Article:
The second half of this sentence is ugly as a waxwork bust of John McCririck rescued from a furnace. ‘it until it had happened’ is a horrible little hairball of grammatical words to close the paragraph on. What ‘it’ refers to is woolly. It can’t just refer to ‘unemployment’ – ‘he hadn’t fully realised unemployment until it had happened’? I think what you mean is, he hadn’t appreciated the magnitude and true hardships of unemployment until he found himself unemployed.
Again and again on this blog, I counsel putting the most interesting information towards the end of your sentences. The example above is absurdly frontloaded. You could just cut everything after the comma, but then the sentence wouldn’t be conveying all you wanted it to.
I leave it up to you to figure out a way to close on something more punchy. ‘unemployment’ and ‘mime artist’ feel like the two big wallops of the sentence, and if you could rearrange the syntax to end on one of those, the whole first paragraph would have far more impact.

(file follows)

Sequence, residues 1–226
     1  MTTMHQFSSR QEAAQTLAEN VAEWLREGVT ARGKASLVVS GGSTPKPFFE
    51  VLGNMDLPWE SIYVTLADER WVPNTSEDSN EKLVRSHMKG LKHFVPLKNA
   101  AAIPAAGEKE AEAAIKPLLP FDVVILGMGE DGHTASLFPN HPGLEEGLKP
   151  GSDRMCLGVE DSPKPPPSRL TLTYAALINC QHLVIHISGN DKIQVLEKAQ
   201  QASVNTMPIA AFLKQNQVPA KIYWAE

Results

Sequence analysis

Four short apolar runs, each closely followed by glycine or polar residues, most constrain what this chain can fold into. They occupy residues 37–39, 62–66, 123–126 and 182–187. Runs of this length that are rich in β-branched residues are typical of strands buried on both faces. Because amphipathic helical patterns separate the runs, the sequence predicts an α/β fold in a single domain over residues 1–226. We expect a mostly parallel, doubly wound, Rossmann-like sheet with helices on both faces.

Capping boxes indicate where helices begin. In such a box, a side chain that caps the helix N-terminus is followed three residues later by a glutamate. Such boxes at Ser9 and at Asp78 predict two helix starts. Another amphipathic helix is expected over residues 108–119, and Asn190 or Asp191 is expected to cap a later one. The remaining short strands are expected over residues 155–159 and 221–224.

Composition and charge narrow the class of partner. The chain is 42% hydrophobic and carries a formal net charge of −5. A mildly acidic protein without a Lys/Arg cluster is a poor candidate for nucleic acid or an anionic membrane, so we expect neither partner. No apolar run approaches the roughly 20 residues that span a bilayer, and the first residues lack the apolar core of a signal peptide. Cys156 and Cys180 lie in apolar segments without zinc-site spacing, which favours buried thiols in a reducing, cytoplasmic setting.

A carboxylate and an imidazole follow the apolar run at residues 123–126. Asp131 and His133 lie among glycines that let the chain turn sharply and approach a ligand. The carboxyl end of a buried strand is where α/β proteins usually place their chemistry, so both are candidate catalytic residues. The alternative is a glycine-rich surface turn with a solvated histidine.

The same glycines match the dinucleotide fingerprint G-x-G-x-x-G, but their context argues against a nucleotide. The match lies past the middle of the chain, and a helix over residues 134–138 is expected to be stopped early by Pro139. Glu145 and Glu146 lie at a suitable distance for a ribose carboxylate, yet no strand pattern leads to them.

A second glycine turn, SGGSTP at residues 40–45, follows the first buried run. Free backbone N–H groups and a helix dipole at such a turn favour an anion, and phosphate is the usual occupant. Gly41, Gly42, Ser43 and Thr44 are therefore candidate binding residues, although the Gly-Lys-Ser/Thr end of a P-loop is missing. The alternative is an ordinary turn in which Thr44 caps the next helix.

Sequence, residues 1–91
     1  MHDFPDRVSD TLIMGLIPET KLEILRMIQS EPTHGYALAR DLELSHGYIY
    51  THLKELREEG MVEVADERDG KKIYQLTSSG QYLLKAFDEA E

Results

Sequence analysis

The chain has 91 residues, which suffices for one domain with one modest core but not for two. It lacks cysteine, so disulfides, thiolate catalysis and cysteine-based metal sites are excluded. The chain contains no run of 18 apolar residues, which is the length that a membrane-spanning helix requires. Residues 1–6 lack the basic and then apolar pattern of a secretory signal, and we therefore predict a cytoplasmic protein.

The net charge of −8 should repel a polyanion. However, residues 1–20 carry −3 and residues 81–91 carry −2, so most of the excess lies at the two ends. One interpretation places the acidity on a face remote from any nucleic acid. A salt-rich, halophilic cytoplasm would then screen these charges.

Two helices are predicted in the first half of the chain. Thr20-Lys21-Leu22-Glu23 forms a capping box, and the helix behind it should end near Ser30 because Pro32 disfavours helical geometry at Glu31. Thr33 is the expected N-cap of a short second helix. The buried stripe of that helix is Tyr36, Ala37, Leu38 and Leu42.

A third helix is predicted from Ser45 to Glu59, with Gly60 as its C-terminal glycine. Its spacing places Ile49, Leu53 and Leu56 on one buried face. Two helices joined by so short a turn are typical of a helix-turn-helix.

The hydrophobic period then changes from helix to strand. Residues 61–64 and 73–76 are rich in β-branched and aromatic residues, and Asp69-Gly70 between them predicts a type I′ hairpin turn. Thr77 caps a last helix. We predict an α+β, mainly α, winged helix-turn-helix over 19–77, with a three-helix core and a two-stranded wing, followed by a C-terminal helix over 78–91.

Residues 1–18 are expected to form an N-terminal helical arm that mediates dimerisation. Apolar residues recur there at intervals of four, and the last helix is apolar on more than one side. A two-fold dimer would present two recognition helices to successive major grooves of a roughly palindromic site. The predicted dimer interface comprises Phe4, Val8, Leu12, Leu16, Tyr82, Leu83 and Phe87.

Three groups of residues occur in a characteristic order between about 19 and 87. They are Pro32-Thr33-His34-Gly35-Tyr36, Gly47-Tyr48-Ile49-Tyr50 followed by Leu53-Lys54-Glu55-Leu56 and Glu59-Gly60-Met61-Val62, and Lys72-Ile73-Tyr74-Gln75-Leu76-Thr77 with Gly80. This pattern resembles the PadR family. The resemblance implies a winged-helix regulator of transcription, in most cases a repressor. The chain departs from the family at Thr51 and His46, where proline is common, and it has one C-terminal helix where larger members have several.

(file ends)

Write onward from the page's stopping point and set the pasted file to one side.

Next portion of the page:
He wiped and stood up, pulling his trousers and pants over his hipbones and buttoned them.
That last ‘and buttoned them’ is like a kid in a nativity play missing his cue then running on late, panting. Cut it. We don’t need to know the exact mechanics of how he dresses himself – ‘trousers’ aren’t some oblique cultural artefact with a purpose and operation we can only guess at.
Besides, the punchline of this sentence is ‘hipbones’. It’s a sneaky bit of information that emphasises he’s incredibly thin. Don’t bury it halfway through. It’s your finisher.
He saw himself in the mirror. The paint on his face was old to the point that he was not sure if it would ever come off.
That second sentence is a bit of a clusterfuck. Not a whole clusterfuck. Just a piece. A soupcon.